Frontline ISAVET: Training the First Line of Defense against Animal Diseases
Veterinary field epidemiologists are the first line of defense against animal diseases that can also affect humans. Following the well-established Field Epidemiology Training Program (FETP) model and the implementation of a veterinary training program (FETPV) across Asia, the Food and Agriculture Organization of the United Nations (FAO), in coordination and collaboration with its partners (including the United States Agency for International Development [USAID], the Institute for Infectious Animal Diseases, Texas A&M University, ministries of agriculture and/or livestock of target countries, and TEPHINET) is implementing the Frontline In Service Applied Veterinary Epidemiology Training (ISAVET) program in 14 countries in Africa.
The Frontline ISAVET program uses applied, hands-on, in-service training to build a cadre of skilled frontline veterinarians who can conduct effective surveillance and outbreak response under a One Health approach. In particular, ISAVET’s implementation intends to address emerging infectious diseases and transboundary animal diseases. Like FETP, the program includes approximately 25 percent classroom training and 75 percent field training in addition to projects conducted by trainees with close supervision and mentoring.
The initial pilot implementation period for the Frontline ISAVET program in Africa took place in 2018 in Uganda and Senegal and revealed the need for well-prepared mentors and trainers to support the program’s sustainable implementation in each country. In response to this need, FAO organized Training-of-Trainers (ToT) and Training-of-Mentors (ToM) workshops to prepare this crucial workforce to help ensure the long-term success of the Frontline ISAVET program.
Dr. Angela Hilmers, Senior Associate Director for Science at TEPHINET, participated as a facilitator in the Regional Frontline ISAVET Training of Mentors (ToM) Workshop held in Nairobi, Kenya, from November 18-22, 2019. This workshop trained 27 veterinarians, who work as local and national animal health officers, university researchers, and FAO country team members representing animal health, public health and wildlife health disciplines. Participants were from Ethiopia, Ghana, Kenya, Liberia, Sierra Leone, Tanzania and Uganda.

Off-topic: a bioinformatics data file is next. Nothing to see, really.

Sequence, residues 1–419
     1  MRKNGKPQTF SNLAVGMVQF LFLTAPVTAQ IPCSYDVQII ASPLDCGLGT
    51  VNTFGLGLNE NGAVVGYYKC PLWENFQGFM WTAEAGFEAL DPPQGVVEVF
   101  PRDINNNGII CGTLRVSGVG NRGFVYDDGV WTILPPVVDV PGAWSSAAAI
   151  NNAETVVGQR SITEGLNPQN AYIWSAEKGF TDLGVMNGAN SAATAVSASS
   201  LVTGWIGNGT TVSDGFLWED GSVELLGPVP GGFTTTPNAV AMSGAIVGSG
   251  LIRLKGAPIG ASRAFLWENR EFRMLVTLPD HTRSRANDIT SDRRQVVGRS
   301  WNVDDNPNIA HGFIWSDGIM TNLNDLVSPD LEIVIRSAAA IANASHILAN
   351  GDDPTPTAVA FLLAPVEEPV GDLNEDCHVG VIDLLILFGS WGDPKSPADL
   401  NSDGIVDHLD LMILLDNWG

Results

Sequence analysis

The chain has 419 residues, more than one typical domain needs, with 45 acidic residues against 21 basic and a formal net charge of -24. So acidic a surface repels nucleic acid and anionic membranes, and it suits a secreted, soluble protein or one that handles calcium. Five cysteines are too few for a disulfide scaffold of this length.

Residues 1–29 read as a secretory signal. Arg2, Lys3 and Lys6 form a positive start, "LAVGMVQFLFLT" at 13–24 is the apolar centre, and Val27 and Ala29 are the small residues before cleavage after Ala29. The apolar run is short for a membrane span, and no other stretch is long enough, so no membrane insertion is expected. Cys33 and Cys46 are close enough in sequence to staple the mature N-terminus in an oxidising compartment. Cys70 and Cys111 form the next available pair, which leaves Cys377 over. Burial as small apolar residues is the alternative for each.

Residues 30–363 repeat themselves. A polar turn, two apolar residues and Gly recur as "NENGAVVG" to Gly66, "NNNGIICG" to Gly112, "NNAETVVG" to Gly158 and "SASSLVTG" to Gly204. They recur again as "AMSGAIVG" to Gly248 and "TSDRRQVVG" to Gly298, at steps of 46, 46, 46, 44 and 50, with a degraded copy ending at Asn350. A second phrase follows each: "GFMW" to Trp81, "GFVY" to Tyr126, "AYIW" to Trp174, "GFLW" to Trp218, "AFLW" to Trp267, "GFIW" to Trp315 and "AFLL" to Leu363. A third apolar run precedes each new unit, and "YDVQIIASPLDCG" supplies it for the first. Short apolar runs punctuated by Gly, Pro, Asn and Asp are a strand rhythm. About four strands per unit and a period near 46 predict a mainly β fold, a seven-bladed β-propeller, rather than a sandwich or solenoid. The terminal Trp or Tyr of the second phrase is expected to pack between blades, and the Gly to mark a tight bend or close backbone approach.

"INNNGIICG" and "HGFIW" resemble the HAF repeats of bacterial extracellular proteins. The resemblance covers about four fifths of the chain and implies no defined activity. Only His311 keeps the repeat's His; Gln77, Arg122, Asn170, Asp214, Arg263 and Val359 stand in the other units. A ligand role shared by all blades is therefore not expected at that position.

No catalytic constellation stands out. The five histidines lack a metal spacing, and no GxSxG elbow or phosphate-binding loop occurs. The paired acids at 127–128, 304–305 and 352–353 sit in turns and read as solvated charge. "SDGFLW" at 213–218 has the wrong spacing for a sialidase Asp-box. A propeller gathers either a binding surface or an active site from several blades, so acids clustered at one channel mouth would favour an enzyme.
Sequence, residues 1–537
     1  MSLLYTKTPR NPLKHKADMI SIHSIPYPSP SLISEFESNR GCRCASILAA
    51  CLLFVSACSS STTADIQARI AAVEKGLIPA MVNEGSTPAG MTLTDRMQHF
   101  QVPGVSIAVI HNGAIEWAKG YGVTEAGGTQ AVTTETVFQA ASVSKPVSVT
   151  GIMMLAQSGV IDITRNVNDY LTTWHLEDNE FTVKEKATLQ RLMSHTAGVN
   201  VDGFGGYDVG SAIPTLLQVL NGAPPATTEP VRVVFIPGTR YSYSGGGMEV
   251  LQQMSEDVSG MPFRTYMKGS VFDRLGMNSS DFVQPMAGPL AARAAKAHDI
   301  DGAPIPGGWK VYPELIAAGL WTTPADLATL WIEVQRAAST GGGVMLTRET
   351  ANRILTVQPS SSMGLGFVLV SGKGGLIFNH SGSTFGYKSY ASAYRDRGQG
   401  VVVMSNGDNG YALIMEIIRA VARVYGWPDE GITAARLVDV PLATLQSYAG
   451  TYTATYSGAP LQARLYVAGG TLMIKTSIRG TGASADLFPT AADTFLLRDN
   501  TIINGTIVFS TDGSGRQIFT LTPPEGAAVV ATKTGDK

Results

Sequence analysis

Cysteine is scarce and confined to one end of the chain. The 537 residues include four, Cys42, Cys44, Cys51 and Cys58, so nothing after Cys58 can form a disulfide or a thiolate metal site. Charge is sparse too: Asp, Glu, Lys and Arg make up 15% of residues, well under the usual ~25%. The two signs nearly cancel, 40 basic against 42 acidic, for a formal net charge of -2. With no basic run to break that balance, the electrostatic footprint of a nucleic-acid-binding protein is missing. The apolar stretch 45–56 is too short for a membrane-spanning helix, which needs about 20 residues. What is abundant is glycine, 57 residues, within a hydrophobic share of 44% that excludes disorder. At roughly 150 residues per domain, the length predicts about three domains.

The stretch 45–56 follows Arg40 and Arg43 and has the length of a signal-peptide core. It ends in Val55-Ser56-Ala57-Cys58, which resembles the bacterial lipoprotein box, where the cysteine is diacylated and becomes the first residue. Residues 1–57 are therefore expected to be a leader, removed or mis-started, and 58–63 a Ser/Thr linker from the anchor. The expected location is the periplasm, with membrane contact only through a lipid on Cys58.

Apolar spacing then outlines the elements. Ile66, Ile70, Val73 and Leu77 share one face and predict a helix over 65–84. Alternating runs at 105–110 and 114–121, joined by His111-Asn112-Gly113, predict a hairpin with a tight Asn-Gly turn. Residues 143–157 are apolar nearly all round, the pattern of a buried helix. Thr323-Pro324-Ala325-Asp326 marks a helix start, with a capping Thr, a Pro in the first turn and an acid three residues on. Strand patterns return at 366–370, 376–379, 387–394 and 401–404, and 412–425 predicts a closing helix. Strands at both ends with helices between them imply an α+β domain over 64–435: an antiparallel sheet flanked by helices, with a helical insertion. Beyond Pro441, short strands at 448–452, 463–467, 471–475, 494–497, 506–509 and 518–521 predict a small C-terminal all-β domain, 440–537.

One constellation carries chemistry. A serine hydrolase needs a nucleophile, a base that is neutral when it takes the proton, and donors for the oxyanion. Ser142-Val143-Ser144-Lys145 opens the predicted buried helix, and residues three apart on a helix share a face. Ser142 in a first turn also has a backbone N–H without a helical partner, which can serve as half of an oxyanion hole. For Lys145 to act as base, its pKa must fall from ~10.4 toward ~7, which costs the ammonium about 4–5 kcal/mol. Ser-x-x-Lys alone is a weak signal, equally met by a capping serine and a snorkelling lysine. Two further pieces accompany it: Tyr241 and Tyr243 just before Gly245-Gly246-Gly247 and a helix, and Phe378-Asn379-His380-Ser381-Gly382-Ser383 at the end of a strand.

Training topics and sessions included, but were not limited, to:
- Mentorship tools and technical competencies
- Mentor-mentee monitoring and evaluation
- Project management
- Weekly surveillance reporting and report assessment
- Data quality auditing and report assessment
- Preparing for field work (biosafety and biosecurity entry procedures, animal handling and sample collection)
- Collection and recording of field and laboratory data
- Preparation and submission of laboratory samples
- Proper exit procedures
- Field project implementation
- Field project proposal assessment
TEPHINET would like to acknowledge the trainers for this course:
- Holy Akwar - FAO
- Chrisostom Ayebazibwe – FAO
- Jessica Cargill – Texas A&M, Institute for Infectious Animal Diseases
- David Castellan – Texas A&M, Institute for Infectious Animal Diseases
- Dee Ellis – Texas A&M, Institute for Infectious Animal Diseases
- Cheikh Fall – Texas A&M, Institute for Infectious Animal Diseases
- Angela Hilmers – TEPHINET
- Caryl Lockhart – FAO
- Sarah Manning – Texas A&M, Institute for Infectious Animal Diseases
- Heather Simmons – Texas A&M, Institute for Infectious Animal Diseases
November 21, 2019, Nairobi, Kenya - Participants being trained receive instructions during the field day of Training of Mentors (TOM) at Kabete Veterinary Farm in the outskirts of Nairobi, Kiambu County, Kenya on November 21, 2019. During the workshop organized within the context of the Frontline In-Service Applied Veterinary Epidemiology Training (ISAVET) program, FAO and partners trained veterinarians on animal handling and sampling collection following biosafety and biosecurity procedures.
Photo credit: ©FAO/Luis Tato